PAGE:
SEC Sues Vuuzle Media for $14M Securities Fraud in ‘Boiler Room Sales Scheme’

On Wednesday, the Securities and Exchange Commission (SEC) announced that it filed a complaint in the District of New Jersey against Vuuzle Media Corp., an alleged “online live streaming and entertainment company,” its founder and an investor in one of the founder’s previous business ventures who “aided and abetted” the purported fraud; the SEC claimed the defendants were “fraudulently offering over $14 million in securities to investors across the United States using an aggressive boiler room sales scheme.” A boiler room scheme is defined by Investopedia as a ” place or operation – usually a call center – where high-pressure salespeople call lists of potential investors …to peddle speculative, sometimes fraudulent, securities.”

According to the complaint, from around September 2016 to at least May 2020 the defendants “offered and sold more than $14 million of Vuuzle common stock and warrants to investors.” The Commission averred that in order to raise funds the defendants “falsely represented to investors that Vuuzle was a legitimate, successful, and growing company in the business of providing online live streaming and entertainment services,” when in actuality it “was little more than a front for a boiler room (the founder) controlled” that mainly operated out of the Philippines using a variety of corporate entities. The SEC claimed that the founder both directly and through marketing teams acting under his guidance, “engaged in aggressive and high-pressure sales campaigns,” such as by cold-calling possible investors and “through relentless and deceptive phone and email communication, convinced them to buy Vuuzle securities.”

The unregistered so-called “securities” were offered as common stock ranging between $1 to $5 per share, although most investors paid $5 per share, according to the SEC. Additionally, the Commission noted that “(m)any investors were also granted warrants that provided the investor the purported right to purchase additional shares for a limited time at a discounted price. The SEC added that the defendants also represented the company as a “‘pre-IPO’ investment opportunity that would provide returns to investors in the form of dividends and skyrocketing post-IPO stock values.” However, the SEC claimed that Vuuzle “has never made a profit, never paid dividends to any investor, and never made a public offering on any stock exchange.” Moreover, from when Vuuzle was established in October 2016 through May 2020 the company’s U.S. bank account “reflects total business revenue of less than $1,670,” the SEC added.

Moreover, the founder “secretly diverted approximately $5 million to support his aggressive fund-raising operations and pay commissions to stock promoters,” “misappropriated another nearly $5 million in direct transfer to his personal bank accounts overseas and by using corporate credit and debit cards for personal items,” and an additional $2 million “appears to have been used for other expenses in furtherance of the fraud,” according to the SEC.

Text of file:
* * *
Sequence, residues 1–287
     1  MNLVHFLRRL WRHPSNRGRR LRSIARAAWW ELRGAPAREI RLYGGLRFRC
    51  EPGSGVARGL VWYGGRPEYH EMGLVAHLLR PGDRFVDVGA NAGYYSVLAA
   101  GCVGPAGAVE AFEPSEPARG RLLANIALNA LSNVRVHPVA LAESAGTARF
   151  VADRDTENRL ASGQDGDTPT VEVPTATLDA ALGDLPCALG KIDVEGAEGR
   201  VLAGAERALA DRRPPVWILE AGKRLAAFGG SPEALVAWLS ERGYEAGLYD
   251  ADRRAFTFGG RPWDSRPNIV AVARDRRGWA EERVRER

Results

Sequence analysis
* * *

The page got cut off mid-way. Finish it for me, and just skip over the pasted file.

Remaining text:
The defendants also made many materially false and misleading statements in their various communications with investors, SEC filings, and offering documents, the SEC stated. For example, the agency alleged that the defendants informed investors that their “funds would be used to operate and build Vuuzle’s online streaming business, which would earn millions of dollars in revenue from service fees and advertising”; however, the SEC claimed that only $2 million out of the $14 million was used “to build the streaming applications, which served as props to raise more investor funds.” The SEC also claimed that the company falsely portrayed the founder as having a “peripheral relationship with the company,” while some SEC forms do not list the founder as a related party. In reality, the founder “exercised ultimate control over every part of Vuuzle’s business for the primary purpose of enriching himself,” the SEC stated.

As a result, the defendants are accused of violating Sections 5 and 17(a) of the Securities Act of 1933, and Section 10(b) of the Securities Exchange Act of 1934 and Rule 10b-5 promulgated thereunder as well as Section 15(a).

The SEC has sought for the court to enter a final judgment that the defendants have violated the aforementioned securities laws and rules promulgated thereunder; an order permanently restraining and enjoining the defendants from further violations; disgorgement of all ill-gotten gains; civil money penalties; and other relief. The SEC is represented by its own counsel.

In a press release, Melissa Hodgman, Acting Director of the SEC’s Division of Enforcement, said “We are committed to taking action to protect investors and pursuing relief for those who have been harmed. We will vigorously pursue fraudsters who enrich themselves at investors’ expense.”